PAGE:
The Aran Islands, a group of 3 rocky islands located in Galway Bay, are essentially an extension of the sprawling karst landscape found in the Burren in County Clare, on Ireland’s west coast. The islands are rich in tradition, music and culture and Gaeilge (Irish) is the native, and indeed primary, language among the island dwellers.


While the three islands, Inis Mór, Inis Meáin and Inis Oírr, are unique in terms of their character, the drystone walls, windy roads, strangely shaped fields, breath-taking seascapes and prehistoric stone structures are common to all three.


The Aran Islands certainly offer a slower pace of living, something which grows increasingly more attractive to those of us surrounded by an ever-changing and rapidly moving society. The three islands offer an overwhelming sense of peace and tranquillity while also hosting some of the liveliest nights with traditional Irish music sessions in the local pubs.


The Aran Islands truly illustrate the beauty to be found in simplicity.


Inis Mór (Inishmore)

Inis Mór, the largest of the three islands, is home to several ancient stone forts and churches. The best known, and indeed largest, of which is Dún Aonghasa (Dun Aengus), a prehistoric stone fort built in c.1100BC. Semi-circular in structure, Dún Aonghasa rests on the edge of a cliff, some 100m above the ocean, and is deemed to be one of the best examples of its kind in Europe. Archeologists and experts in the field consider it to be one of the finest prehistoric monuments in Europe.


Excavations undertaken in the 1990s indicate that people had been living at this hilltop fortress since c.1500BC with the first walls and dwelling houses erected c.1100BC. The Chevaux de Frise (c.700BC), a densely packed network of jagged, defensive stones, surrounds the whole structure from cliff to cliff, and was intended to impede attackers.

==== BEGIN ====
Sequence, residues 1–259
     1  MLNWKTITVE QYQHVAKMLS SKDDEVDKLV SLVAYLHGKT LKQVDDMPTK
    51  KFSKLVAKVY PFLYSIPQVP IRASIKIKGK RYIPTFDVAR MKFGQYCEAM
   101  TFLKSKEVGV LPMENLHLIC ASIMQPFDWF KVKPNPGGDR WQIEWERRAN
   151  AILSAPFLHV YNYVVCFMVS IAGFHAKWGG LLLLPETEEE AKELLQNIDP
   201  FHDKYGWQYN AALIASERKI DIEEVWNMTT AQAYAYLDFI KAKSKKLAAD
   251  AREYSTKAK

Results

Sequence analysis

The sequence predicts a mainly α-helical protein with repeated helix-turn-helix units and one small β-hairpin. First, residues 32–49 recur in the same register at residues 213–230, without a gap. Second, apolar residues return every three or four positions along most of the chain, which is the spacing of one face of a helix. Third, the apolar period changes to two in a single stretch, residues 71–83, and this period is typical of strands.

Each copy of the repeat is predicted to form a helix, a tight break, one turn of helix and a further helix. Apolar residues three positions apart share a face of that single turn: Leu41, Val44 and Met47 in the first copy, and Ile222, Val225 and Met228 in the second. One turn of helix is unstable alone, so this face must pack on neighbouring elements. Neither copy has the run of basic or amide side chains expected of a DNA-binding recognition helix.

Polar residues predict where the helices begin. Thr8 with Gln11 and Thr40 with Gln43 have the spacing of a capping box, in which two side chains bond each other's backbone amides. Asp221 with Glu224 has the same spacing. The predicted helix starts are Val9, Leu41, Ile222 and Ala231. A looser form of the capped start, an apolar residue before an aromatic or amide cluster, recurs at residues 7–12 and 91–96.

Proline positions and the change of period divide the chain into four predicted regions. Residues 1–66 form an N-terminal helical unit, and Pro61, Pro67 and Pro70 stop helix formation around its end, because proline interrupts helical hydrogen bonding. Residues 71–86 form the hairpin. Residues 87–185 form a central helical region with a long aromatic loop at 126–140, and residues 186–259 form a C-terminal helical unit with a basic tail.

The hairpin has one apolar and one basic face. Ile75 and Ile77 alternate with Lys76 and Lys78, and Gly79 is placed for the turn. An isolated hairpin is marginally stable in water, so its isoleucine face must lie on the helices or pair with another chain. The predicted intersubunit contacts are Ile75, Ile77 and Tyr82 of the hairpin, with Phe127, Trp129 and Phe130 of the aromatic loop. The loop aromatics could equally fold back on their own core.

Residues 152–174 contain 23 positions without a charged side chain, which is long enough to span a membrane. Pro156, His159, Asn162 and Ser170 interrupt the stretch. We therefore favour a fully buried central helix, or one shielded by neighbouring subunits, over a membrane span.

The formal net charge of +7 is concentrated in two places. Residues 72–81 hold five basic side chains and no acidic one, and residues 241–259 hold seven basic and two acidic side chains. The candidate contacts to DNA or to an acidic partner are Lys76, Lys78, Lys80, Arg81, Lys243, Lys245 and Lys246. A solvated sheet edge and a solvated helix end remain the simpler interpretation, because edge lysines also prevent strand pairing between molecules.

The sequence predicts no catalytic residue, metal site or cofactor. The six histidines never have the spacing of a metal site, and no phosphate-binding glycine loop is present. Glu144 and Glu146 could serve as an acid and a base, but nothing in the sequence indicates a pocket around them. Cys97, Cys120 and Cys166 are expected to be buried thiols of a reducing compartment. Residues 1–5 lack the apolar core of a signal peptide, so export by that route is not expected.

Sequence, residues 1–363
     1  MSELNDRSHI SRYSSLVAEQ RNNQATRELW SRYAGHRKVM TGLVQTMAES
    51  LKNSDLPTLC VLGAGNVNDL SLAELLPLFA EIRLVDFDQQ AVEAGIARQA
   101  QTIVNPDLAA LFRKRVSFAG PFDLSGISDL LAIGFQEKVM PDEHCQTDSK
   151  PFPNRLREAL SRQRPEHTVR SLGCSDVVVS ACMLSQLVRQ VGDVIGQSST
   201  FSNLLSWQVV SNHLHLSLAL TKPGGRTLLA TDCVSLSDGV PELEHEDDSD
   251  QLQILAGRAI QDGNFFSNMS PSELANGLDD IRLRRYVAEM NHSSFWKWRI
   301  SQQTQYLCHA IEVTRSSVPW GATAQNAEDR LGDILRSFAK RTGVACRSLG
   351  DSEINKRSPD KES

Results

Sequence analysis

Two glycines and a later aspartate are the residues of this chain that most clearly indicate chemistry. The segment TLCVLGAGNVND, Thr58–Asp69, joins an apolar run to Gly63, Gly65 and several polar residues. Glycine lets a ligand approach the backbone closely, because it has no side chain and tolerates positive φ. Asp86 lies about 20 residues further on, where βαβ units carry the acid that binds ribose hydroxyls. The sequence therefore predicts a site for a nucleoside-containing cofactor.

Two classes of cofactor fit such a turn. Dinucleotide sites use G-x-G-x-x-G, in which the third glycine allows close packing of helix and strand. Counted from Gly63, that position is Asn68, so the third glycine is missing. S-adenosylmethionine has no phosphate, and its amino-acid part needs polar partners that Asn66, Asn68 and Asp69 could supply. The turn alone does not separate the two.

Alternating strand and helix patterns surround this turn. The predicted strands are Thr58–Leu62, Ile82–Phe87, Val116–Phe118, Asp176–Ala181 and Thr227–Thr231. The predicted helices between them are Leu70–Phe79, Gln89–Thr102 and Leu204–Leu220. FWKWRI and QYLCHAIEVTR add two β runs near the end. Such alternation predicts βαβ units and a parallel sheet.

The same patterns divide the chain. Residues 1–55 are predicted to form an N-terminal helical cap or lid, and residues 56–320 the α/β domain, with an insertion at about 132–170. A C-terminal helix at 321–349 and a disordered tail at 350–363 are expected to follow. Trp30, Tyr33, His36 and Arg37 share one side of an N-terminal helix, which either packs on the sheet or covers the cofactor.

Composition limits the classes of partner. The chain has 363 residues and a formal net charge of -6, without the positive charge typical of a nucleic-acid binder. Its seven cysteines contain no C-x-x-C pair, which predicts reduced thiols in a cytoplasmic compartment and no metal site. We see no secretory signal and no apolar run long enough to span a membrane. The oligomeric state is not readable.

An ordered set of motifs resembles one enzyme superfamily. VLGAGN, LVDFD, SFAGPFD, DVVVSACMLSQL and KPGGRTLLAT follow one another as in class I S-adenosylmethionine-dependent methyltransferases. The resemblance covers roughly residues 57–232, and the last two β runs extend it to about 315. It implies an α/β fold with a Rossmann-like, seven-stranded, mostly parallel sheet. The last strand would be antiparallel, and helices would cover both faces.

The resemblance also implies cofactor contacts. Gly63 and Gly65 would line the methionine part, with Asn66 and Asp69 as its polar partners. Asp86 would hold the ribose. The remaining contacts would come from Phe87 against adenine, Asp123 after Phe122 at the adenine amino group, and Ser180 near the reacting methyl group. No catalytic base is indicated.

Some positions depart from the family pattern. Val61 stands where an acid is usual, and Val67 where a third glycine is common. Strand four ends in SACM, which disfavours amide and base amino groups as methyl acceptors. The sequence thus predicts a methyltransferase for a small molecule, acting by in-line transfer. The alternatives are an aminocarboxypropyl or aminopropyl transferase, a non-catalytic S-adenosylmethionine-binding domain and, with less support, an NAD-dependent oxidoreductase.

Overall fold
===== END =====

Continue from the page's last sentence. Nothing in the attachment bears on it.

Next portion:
As one of Ireland’s leading tourist attractions, Dún Aonghasa welcomes visitors from all over the world and offers tourists the opportunity to look out over the expansive Atlantic Ocean from atop a cliff and take in the breathtakingly spectacular views.


Cill Rónáin (Kilronan)

Upon arrival into Cill Rónáin harbour, you will have a clear view of the main village on the island of Inis Mór. This village is home to a mixture of Georgian style buildings, which date back to English colonialism, and both traditional and modern homes.


As the main village on the island, Cill Rónáin has many facilities available, from accommodation (hotel, hostel, guesthouses and B&Bs), restaurants, cafés, a tourist office, shops, pubs and a Spar supermarket, which has an ATM machine (something useful to know as there are not many located on the island). There is also a wonderful playground in CIll Rónáin, which is definitely worth a visit for families with children.


If you are lucky enough to be spending a day or two on Inis Mór, Cill Rónáin is the perfect spot to enjoy some lunch, have a drink and perhaps treat yourself to an authentic Aran Sweater.


Na Seacht dTeampaill (The Seven Churches)

Situated in the west of Inis Mór, the Seven Churches (or Dísert Bhreacáin) was for centuries one of the largest monastic foundations and centres of pilgrimage along Ireland’s West coast. St. Breacan is said to have arrived here in the 5th century AD from Kilbrecan in County Clare. Tradition has it that his foundation rivalled that of St. Enda, who had established his own foundation in the East of the island. It is believed that the two saints eventually decided to divide the island between them. While named ‘The Seven Churches’, there is in fact only two churches and several domestic buildings. So, it’s probably best not to expect seven churches lined up neatly in a row!


Teampall Bhreacáin (St. Brecan’s Church), a large multi-period church (c.8th-13th centuries), contains fine masonry with an impressive arch, nave and chancel. There is an inscription to be found on a stone in the west gable, reading ‘OR AR II CANOIN’ (‘Pray for the two Canons’). Teampall an Phoill (The Church of the Hollow), a 15th century church, is smaller and evidently simpler in terms of style. In the south east corner of the site, we find a number of interesting cross inscribed stones and graves. One of which has the words ‘VII ROMANI’ (‘The Seven Romans’) written on it and another reads ‘Tomas AP’ (‘Thomas the Apostle’). There once existed two Holy Wells on the site, Tobar an Spioraid Naoimh and Tobar Bhreacáin, which are now enclosed.


The Seven Churches are most definitely worth a visit for anyone interested in the history of Ireland and its spiritual and religious evolution.



Check out our tours that take in Inis Mór and its different attractions.